Sounds all right. But there is a problem. We don't make a lot of stuff anymore, but we don't provide a real viable alternative for it. My gut feeling says that If we don't use our hands, we should be using our head. And we are not using it. You don't have to be a economist to figure this out. If we don't change we will be in trouble. We won't be able to compete on any level with the big and slowly awakening giants like India, Brazil and China.

    We, in the west, are living a service economy, that's a big change from a industrialized economy. But our way of thinking, our processes, the way we structure our companies, sell and market our products is still based on ideas developed in the industrial revolution. So it's about time for a new revolution. A service revolution.

    In fact it is taking place right now and it's official name is the "third Industrial Revolution". Basically this is what's happening: Economists divide goods and services into tradable and non-tradable. And service has often been considered non-tradeble (and still is by many). But the boundaries are fading away. This means that more and more services will become tradable. This is were our greatest and possibly only opportunities for the future lie.

    It's going to take some effort. Because, just like the other two industrial revolutions, it is going to change the way we work, live, and educate our children. So it's a big deal. But it's still early days and we don't really know what to do with it. Or we're just to bloody comfortable, rich and lazy and we don't want to see the necessity for change. So we just keep pushing the snooze button one more time. But it's time to wake up. Because it's never a good idea to sleep through a revolution. You'll miss all the fun.

    Thursday, January 10, 2008

    What The Hell? (Talking Service Design)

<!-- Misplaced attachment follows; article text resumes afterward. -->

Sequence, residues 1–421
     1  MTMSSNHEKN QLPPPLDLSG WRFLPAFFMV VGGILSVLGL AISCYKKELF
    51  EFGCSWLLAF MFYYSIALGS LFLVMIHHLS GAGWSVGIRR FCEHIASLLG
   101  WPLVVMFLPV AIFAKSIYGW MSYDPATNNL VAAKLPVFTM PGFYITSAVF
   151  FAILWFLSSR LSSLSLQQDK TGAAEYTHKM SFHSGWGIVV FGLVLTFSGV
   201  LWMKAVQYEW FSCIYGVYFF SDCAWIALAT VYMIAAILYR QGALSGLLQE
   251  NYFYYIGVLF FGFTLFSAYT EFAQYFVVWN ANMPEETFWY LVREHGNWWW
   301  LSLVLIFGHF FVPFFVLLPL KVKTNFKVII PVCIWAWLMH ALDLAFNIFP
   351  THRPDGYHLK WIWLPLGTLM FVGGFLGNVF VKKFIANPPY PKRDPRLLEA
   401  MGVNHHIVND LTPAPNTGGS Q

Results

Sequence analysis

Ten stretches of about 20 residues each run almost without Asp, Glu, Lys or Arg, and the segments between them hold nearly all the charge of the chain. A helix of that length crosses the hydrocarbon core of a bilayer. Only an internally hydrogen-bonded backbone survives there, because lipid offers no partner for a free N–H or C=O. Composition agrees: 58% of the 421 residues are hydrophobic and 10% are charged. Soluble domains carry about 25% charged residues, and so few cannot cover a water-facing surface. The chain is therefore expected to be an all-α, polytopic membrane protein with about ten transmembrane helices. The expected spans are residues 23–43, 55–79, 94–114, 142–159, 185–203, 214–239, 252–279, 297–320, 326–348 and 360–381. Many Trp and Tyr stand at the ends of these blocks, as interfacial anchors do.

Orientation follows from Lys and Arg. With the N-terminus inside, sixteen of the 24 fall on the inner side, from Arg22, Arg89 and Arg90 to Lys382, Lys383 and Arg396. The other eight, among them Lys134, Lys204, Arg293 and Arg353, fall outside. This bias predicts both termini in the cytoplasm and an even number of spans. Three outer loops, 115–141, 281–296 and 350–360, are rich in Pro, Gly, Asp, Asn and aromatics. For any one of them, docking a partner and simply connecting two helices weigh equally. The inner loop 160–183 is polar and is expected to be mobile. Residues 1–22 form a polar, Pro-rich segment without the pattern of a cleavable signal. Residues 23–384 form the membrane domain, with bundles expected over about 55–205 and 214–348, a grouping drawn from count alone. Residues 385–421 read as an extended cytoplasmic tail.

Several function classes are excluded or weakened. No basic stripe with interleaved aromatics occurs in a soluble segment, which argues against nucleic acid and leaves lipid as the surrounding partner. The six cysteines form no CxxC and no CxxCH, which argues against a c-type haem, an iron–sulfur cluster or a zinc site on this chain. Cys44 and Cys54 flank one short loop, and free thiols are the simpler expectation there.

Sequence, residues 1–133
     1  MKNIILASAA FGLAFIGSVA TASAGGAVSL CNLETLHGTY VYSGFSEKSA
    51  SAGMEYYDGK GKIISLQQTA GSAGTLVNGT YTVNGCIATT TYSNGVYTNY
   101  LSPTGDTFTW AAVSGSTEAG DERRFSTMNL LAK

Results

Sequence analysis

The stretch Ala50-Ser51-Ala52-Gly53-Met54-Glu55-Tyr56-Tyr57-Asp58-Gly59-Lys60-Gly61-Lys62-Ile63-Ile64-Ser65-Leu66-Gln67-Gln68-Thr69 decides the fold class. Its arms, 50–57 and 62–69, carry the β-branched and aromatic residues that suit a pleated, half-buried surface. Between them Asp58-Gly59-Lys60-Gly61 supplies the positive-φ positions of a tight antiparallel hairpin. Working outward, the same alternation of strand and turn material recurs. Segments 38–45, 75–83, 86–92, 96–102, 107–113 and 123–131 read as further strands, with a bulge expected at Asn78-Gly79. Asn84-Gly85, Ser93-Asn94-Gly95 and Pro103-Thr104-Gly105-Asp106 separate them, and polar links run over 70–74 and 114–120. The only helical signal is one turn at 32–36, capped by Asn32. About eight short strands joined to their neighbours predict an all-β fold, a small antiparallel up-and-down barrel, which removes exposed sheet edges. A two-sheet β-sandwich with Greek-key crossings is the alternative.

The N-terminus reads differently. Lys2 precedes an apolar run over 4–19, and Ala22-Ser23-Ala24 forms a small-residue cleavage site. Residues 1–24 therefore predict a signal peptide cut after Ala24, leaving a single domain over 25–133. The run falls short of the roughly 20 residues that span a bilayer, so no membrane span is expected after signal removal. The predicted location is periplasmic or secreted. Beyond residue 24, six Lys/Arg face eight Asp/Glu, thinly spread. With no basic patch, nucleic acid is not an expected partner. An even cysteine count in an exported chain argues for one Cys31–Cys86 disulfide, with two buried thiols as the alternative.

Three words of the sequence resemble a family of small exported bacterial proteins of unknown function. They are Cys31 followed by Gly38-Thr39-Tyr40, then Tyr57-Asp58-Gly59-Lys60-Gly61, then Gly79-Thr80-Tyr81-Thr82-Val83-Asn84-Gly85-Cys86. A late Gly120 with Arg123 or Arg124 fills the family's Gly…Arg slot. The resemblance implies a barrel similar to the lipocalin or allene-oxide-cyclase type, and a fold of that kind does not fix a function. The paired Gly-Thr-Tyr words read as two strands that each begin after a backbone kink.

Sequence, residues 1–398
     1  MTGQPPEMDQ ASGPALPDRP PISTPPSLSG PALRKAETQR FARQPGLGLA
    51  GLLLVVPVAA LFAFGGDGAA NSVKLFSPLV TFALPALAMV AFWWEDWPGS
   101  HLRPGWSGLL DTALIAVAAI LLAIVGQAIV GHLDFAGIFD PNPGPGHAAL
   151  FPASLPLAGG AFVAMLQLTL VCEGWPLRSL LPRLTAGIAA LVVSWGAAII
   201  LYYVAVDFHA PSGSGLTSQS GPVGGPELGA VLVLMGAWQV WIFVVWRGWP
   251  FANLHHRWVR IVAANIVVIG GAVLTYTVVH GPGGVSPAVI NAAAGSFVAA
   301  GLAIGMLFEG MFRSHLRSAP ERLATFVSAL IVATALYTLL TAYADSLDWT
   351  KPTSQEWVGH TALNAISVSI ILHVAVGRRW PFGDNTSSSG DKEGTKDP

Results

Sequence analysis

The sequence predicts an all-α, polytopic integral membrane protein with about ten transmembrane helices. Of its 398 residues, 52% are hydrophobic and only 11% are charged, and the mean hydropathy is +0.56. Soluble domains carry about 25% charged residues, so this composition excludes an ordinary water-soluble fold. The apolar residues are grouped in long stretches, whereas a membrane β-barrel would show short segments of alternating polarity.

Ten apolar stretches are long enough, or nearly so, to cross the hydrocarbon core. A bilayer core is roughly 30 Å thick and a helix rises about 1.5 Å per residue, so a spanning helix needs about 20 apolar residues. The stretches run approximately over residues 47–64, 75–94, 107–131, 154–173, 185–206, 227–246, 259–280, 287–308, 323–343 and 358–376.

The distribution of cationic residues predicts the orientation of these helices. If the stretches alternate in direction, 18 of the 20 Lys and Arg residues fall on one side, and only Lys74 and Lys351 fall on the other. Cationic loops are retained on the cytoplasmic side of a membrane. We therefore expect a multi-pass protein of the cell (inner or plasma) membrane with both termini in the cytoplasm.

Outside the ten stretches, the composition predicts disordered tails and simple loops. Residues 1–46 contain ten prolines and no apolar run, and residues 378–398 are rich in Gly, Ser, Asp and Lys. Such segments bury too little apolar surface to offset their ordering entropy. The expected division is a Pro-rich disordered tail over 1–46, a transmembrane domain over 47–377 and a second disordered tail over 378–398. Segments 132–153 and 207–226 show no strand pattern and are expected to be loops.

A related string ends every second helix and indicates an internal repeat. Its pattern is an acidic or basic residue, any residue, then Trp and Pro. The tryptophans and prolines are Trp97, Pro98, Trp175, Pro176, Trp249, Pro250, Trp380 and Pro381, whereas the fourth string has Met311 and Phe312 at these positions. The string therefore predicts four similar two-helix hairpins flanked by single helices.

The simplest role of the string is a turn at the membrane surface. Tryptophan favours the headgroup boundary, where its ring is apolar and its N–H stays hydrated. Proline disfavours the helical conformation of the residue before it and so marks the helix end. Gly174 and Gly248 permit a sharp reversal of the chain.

I've been spreading the word on how important it is to stop treating service as a commodity for quite some time. I am, as you might already know, an enthusiastic supporter of the methods and tools 'service design' provides us. I feel like a preacher sometimes.

    But soon after I started answering my calling, there is one thing I learned. I had to change the language I used. There is a particular jargon that accompanies this new field of expertise, and it can take some time getting used to. It can make everything sound a bit mushy and alien.

    If I start orating about co-production, empowerment, service-delivery-blueprints, costumer-journeys, touch-points, service-ecology and so on, my clients generally start to get nervous. "What the hell is he talking about? I thought we were working on a marketing plan?"

    So I changed my language. I started using words from the more familiar fields of branding, experience-marketing and, my personal favorite, life in general. This sounds easy, but customised words are sometimes pretty handy if you want to get to the point very quickly.

    But until everyone knows what exactly a 'service-ecology' means, I'm going to shut up about it. It makes my quest a lot easier. And if clients still don't know what the hell I'm talking about, at least the familiar words give them a warm fuzzy and comfortable feeling. And that's all I want really.

    Saturday, January 5, 2008

    I don't like them